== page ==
Plastic gratitude is using feel-good personal development as a way to avoid negative emotions —instantly arriving at a place where the adversity is now a blessing.

And while gratitude is no doubt potent —and done right —can and should bring you to your knees:

Plastic gratitude is avoidance.
Plastic gratitude is distraction.
Plastic gratitude is suppression.

And worst of all —plastic gratitude actually stunts your emotional development and ends up being a form of avoidance.

Let me explain:

You’re going about your day where all of the sudden you encounter an emotional trigger.

This trigger creates anger in you —and makes you uncomfortable.

But instead of “allowing” yourself to feel:

You instantly distract yourself by going to the “feel-good” feeling of gratitude.

The anger you felt gets shoved into your subconscious mind —and is never actually felt, accepted and processed:

Which means it’s now stuck.
Which means it’s now halted.
Which means it’s now supressed.

And while a simple example, all of these emotions can get stuck if they are not fully felt, expressed and released.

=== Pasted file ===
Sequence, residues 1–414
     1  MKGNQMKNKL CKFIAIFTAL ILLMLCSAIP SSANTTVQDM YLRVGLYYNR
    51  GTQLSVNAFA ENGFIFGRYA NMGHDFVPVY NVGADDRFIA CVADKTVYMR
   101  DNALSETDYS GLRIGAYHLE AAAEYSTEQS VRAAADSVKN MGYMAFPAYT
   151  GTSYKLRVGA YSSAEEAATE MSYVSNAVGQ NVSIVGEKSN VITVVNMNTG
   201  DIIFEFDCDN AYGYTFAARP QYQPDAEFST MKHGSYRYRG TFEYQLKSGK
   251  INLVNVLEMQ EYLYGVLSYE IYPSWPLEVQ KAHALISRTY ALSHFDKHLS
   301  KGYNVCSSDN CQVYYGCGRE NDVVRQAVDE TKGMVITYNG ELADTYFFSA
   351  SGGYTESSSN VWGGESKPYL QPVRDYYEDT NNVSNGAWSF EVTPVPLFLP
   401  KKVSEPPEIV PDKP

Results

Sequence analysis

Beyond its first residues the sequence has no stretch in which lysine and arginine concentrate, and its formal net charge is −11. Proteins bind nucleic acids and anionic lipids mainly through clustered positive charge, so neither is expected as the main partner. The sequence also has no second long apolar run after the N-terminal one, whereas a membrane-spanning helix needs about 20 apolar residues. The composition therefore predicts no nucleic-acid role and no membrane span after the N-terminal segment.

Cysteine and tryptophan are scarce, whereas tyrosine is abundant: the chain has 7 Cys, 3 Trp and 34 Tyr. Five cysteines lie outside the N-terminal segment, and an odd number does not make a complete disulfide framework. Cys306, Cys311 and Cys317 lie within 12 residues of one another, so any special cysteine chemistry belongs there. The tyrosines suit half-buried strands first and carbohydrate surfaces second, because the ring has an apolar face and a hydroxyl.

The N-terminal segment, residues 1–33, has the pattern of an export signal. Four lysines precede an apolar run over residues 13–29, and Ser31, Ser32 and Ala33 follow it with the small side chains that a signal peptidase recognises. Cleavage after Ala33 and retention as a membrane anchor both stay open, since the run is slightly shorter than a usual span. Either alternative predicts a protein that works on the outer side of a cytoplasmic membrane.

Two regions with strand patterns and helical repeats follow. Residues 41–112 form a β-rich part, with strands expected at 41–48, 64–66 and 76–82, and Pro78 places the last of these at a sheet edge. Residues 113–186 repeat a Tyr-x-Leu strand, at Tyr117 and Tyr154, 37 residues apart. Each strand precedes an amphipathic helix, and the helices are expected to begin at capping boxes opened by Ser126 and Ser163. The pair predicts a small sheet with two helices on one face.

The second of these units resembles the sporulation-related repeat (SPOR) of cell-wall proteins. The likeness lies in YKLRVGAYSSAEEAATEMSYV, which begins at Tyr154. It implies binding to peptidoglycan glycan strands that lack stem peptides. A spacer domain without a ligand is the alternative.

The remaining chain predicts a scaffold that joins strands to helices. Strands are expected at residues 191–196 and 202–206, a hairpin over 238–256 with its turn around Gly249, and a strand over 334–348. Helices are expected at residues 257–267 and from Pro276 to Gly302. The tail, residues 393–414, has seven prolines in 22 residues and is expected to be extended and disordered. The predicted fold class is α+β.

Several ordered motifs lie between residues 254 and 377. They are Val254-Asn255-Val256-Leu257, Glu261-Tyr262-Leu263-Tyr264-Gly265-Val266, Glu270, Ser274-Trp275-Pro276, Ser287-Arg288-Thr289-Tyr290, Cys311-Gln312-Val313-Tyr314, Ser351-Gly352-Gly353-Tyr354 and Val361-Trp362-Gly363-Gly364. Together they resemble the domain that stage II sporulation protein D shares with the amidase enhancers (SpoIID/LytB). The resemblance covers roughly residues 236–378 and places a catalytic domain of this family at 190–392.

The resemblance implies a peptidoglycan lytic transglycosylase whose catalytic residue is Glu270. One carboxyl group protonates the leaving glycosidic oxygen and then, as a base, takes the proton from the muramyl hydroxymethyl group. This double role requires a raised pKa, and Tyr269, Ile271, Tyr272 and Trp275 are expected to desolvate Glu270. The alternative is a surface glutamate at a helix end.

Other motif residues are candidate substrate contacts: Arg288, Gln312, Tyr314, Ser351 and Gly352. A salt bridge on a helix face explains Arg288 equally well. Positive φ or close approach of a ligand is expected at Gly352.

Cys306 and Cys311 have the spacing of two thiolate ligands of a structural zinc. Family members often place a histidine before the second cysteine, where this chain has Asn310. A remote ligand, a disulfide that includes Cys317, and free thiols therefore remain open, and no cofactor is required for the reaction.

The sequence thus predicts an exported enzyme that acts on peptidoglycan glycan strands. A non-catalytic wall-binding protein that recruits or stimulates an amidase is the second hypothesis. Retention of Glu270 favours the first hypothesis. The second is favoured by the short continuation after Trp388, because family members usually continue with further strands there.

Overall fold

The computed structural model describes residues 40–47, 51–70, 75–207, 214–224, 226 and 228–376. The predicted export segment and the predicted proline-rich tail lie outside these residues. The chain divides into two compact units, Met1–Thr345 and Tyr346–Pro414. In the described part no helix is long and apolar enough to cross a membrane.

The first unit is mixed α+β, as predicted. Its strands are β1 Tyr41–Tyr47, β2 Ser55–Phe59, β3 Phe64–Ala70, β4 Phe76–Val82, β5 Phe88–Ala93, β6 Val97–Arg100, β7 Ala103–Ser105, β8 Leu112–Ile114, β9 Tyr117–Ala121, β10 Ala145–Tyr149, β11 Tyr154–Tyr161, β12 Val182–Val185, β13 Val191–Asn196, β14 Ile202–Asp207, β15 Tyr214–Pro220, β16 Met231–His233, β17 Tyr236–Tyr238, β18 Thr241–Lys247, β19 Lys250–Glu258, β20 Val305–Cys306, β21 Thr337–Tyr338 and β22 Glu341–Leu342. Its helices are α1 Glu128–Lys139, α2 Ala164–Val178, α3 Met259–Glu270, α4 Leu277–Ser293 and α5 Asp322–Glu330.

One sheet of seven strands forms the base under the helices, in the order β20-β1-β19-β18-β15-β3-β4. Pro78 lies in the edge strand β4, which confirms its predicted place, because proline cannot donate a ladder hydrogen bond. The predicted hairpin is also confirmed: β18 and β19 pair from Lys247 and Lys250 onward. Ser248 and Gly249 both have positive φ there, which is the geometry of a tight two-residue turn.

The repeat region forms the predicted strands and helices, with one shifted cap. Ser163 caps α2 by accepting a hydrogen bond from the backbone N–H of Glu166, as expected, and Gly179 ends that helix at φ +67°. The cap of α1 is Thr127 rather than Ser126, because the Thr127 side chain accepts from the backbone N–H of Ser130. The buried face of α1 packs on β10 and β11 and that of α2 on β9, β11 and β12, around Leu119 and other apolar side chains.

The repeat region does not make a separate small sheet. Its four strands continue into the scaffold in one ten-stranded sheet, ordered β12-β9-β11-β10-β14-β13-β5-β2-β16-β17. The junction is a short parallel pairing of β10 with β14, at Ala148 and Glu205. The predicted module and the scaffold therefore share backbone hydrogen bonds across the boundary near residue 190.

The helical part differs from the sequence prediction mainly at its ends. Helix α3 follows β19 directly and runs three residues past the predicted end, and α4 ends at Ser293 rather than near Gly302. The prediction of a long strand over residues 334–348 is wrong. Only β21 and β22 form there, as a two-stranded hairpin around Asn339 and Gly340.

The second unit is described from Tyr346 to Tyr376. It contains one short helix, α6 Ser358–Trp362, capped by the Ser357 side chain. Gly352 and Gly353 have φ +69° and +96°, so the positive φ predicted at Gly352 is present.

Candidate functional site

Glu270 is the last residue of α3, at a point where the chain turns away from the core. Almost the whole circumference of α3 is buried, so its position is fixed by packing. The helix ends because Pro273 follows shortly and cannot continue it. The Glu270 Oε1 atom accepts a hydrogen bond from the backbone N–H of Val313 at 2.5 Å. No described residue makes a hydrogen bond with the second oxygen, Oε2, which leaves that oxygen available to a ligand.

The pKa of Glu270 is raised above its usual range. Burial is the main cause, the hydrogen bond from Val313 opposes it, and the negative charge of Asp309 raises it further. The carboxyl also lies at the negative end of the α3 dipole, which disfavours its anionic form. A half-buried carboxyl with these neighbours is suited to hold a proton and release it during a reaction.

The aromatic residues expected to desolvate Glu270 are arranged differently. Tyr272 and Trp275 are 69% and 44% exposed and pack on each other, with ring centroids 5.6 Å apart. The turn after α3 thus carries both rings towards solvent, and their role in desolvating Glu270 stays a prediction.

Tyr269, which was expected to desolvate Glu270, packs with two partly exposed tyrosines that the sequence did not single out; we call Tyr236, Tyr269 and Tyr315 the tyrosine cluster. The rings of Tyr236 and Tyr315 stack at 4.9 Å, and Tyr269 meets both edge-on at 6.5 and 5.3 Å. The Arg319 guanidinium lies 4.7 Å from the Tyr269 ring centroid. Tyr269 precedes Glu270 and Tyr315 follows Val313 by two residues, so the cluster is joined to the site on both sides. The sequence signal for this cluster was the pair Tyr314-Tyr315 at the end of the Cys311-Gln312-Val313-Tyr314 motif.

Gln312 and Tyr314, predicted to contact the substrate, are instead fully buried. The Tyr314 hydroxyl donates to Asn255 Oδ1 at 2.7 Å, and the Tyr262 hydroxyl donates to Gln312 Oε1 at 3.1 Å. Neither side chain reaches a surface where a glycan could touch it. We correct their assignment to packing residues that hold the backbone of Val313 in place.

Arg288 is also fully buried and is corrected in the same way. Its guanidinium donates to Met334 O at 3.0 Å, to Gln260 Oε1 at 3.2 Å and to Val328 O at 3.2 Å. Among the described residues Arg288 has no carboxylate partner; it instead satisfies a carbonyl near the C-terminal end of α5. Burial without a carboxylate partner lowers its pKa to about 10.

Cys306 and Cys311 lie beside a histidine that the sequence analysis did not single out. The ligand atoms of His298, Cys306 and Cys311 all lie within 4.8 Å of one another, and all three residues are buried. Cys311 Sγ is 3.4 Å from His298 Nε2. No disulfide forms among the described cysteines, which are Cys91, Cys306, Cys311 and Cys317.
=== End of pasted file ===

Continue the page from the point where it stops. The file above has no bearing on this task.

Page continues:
(And then they all come out in one blaze of glory when someone cuts you off in traffic or you get trolled on Twitter.)

So, what’s a better way?

Allow yourself to feel.

Feel the trigger —and do not judge yourself for sadness, grief, envy or anger. These are all healthy aspects of the human experience.

Accept and identify.

Part of feeling your emotions is the ability to accept and identify that you’re feeling them without fixing them.

Express, release, act.

The last step is to release your emotion through expression —and then choosing to act in accordance with a deeper level of clarity.

Once you’ve gone through this simple process, you tap into deeper gratitude that can’t be accessed without feeling your emotions.

By the way —the process above —can take 90 seconds or less if you do it right.

To quote Harvard Psychologist Susan David, an expert on emotions:

When we push aside normal emotions to embrace false positivity, we lose our capacity to develop skills to deal with the world as it is, not as we wish it to be.

The reality is:

There is nothing “wrong” with feeling emotionally triggered.

And in a world that preaches self appreciation and trust —nothing is more potent to trust yourself than honoring your emotions and letting them pass through you.

Because while most people think a cocktail and Netflix are a distraction to soothe negative emotions:

Plastic gratitude and “feel-good” personal development can be as much of a distraction too.

Allow yourself to feel —and then tap into the silver lining.

When you do, you honor your emotions while experiencing deep, authentic and invaluable gratitude.

Have you ever used plastic gratitude?

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